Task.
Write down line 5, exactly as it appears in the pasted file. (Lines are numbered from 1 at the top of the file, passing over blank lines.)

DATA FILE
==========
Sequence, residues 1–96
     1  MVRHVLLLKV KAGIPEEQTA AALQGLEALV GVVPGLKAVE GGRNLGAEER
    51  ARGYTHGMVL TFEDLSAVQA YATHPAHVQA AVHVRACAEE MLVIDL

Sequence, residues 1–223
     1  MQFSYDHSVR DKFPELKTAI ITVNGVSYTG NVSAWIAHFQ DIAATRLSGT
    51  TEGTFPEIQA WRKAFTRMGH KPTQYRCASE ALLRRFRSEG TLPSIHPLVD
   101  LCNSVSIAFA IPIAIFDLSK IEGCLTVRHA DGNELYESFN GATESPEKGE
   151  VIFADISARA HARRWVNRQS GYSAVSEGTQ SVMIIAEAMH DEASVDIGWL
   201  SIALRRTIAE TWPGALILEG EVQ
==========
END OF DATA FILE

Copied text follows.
     1  MQFSYDHSVR DKFPELKTAI ITVNGVSYTG NVSAWIAHFQ DIAATRLSGT